|Matthew Henry's Concise Commentary|
4:38-44 There was a famine of bread, but not of hearing the word of God, for Elisha had the sons of the prophets sitting before him, to hear his wisdom. Elisha made hurtful food to become safe and wholesome. If a mess of pottage be all our dinner, remember that this great prophet had no better for himself and his guests. The table often becomes a snare, and that which should be for our welfare, proves a trap: this is a good reason why we should not feed ourselves without fear. When we are receiving the supports and comforts of life, we must keep up an expectation of death, and a fear of sin. We must acknowledge God's goodness in making our food wholesome and nourishing; I am the Lord that healeth thee. Elisha also made a little food go a great way. Having freely received, he freely gave. God has promised his church, that he will abundantly bless her provision, and satisfy her poor with bread, Ps 132:15; whom he feeds, he fills; and what he blesses, comes to much. Christ's feeding his hearers was a miracle far beyond this, but both teach us that those who wait upon God in the way of duty, may hope to be supplied by Divine Providence.
Verse 39. - And one went out into the field to gather herbs. One of the sons of the prophets, probably, went out into the neighboring country, and looked about for any wild fruits or vegetables that he could see anywhere. And found a wild vine. Not a wild grape vine (Vitis labrusea), the fruit of which would have been harmless, but some cucurbitaceous plant, with tendrils, and a growth like that of the vine. And gathered thereof wild gourds. The exact kind of gourd is uncertain. Recent critics have mostly come to the conclusion that the vegetable intended is the Cucumis agrestis or Ecbalium elaterium, the "squirting cucumber" of English naturalists. This is a kind of gourd, the fruit of which is egg-shaped, has a bitter taste, and bursts when ripe at a slight touch, squirting out sap and seeds. The main ground for this conclusion is etymologieal, פַקֻּעֹת being derived from פקע, "to crack" or "split." Another theory, and one which has the ancient versions in its favor, identifies the "gourd" in question with the fruit of the colocynth, which is a gourd-like plant that creeps along the ground, and has a round yellow fruit of the size of a large orange. This fruit is exceedingly bitter, produces colic, and affects the nerves. His lap full; as many as he could carry in the sinus, or large fold, of his beged, or shawl. And came and shred them into the pot of pottage: for they knew them not; i.e. the sons of the prophets, who stood by and saw them shred into the pot, did not recognize them, or did not know that they were unwholesome.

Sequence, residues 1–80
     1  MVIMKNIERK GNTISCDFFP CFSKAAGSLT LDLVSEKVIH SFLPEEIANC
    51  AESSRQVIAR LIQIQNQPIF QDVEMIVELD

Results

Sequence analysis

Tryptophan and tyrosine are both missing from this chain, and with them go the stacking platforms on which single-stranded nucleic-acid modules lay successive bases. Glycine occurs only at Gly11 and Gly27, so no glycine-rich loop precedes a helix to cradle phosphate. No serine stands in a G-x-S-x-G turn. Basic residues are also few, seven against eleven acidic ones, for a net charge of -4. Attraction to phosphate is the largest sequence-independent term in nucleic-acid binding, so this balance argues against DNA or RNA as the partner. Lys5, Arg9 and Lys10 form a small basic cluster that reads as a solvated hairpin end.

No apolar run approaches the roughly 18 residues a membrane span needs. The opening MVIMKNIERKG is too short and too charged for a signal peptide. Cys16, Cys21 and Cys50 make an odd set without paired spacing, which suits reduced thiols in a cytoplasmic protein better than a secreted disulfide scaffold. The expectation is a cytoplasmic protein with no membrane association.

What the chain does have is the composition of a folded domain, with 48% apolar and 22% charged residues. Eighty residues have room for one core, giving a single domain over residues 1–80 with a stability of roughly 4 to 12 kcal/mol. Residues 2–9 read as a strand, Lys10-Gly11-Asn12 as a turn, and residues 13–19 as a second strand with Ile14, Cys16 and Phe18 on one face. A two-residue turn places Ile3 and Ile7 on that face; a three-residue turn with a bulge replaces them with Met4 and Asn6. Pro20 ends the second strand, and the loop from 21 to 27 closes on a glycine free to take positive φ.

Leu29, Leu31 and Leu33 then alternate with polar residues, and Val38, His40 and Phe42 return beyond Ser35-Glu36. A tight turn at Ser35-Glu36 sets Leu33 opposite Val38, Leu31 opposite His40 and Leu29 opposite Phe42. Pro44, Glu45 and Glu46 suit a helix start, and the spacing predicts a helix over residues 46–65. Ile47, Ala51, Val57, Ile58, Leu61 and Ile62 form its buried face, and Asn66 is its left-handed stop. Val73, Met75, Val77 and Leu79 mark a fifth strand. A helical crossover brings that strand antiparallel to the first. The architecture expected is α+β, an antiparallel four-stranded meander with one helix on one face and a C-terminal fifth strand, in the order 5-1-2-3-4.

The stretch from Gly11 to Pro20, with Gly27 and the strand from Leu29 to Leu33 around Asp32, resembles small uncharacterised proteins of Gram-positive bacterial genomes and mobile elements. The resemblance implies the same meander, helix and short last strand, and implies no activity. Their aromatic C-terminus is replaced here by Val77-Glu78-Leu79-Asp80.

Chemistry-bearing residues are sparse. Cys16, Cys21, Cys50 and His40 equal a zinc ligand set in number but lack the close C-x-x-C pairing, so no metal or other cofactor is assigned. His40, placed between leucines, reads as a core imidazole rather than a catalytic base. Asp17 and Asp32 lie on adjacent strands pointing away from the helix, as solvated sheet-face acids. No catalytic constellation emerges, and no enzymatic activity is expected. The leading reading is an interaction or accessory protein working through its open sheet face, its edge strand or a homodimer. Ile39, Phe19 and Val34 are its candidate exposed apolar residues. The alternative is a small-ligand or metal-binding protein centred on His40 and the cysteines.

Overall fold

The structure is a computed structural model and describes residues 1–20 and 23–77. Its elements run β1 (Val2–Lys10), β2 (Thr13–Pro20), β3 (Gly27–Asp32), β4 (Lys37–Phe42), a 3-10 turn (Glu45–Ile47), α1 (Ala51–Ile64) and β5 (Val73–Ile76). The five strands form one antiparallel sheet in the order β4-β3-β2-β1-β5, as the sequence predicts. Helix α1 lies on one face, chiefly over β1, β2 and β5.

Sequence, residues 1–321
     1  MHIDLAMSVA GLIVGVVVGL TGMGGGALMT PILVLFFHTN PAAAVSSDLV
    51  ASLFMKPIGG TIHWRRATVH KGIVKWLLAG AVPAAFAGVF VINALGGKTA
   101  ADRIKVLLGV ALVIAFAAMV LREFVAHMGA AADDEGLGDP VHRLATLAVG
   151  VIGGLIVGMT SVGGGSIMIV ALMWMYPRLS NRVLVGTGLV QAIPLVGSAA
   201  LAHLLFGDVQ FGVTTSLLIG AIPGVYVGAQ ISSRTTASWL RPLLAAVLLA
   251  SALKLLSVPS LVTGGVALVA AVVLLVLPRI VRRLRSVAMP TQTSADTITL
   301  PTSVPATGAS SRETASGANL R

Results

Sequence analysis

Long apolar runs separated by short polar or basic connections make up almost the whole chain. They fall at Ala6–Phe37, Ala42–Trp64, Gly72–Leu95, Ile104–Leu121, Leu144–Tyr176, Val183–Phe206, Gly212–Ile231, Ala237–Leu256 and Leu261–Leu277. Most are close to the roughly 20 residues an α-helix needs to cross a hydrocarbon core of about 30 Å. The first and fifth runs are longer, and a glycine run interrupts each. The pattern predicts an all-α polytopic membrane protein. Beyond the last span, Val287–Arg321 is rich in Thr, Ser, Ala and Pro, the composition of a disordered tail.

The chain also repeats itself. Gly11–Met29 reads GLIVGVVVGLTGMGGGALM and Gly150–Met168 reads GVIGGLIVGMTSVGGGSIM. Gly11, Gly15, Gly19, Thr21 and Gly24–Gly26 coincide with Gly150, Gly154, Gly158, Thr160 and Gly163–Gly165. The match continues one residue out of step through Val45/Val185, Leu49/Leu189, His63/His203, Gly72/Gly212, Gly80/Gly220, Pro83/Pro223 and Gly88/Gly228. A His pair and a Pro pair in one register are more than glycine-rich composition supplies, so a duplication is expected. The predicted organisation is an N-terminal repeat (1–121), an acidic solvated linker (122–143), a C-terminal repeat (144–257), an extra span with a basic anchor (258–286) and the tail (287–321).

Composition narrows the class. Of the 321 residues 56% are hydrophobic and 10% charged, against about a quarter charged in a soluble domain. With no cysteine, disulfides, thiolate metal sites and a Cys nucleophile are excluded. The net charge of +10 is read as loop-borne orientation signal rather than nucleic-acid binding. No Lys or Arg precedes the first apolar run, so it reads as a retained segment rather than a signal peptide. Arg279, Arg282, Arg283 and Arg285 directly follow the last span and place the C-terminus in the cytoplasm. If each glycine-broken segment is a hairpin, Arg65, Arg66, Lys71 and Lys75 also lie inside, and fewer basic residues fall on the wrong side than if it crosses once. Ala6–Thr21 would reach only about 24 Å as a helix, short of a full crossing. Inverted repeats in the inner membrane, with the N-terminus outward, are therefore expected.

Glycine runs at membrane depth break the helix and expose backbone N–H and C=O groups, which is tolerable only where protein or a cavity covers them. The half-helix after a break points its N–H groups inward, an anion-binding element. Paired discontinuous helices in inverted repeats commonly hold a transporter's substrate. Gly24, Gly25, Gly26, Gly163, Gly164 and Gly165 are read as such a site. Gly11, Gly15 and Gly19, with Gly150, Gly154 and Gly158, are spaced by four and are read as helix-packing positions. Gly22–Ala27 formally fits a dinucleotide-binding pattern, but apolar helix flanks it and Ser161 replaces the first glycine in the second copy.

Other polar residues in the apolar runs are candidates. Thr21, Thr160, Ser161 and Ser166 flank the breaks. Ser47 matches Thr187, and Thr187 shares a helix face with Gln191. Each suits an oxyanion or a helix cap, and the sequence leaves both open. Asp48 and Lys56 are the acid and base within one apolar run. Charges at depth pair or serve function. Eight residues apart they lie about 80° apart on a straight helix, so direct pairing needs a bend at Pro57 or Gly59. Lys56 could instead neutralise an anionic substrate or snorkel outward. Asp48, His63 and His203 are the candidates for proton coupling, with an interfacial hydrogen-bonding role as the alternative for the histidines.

Gill's Exposition of the Entire Bible
And one went out into the fields to gather herbs,.... To put into the pottage, the gardens affording none in this time of dearth; or, however, being scarce, were at too great a price for the sons of the prophets to purchase them; and therefore one of them went out into the field to gather what common herbs he could:
and found a wild vine, and gathered thereof wild gourds his lap full; thought to be the same with coloquintida, the leaves of which are very like to a vine, of a very bitter taste, and a very violent purgative, which, if not remedied, will produce ulcerations in the bowels, and issue in death; some think the white brier or white vine is meant, the colour of whose berries is very inviting to look at, but very bitter and ungrateful, and it vehemently purges (b); the Arabs call a sort of mushroom that is white and soft by this name (c), but cannot be meant here, because it has no likeness to a wild vine:
and came and shred them into the pot of pottage; cut or chopped them small, and put them into the pot:
for they knew them not; what they were, the nature and virtue of them, being unskilful in botany.
(b) Vid. Scheuchzer. Physic. Sacr. vol. 3. p. 605, 859. (c) Golius, col. 1817.
Jamieson-Fausset-Brown Bible Commentary
39. went out into the field to gather herbs—Wild herbs are very extensively used by the people in the East, even by those who possess their own vegetable gardens. The fields are daily searched for mallow, asparagus, and other wild plants.
wild vine—literally, "the vine of the field," supposed to be the colocynth, a cucumber, which, in its leaves, tendrils, and fruit, bears a strong resemblance to the wild vine. The "gourds," or fruit, are of the color and size of an orange bitter to the taste, causing colic, and exciting the nerves, eaten freely they would occasion such a derangement of the stomach and bowels as to be followed by death. The meal which Elisha poured into the pot was a symbolic sign that the noxious quality of the herbs was removed.
lap full—The hyke, or large cloak, is thrown loosely over the left shoulder and fastened under the right arm, so as to form a lap or apron.
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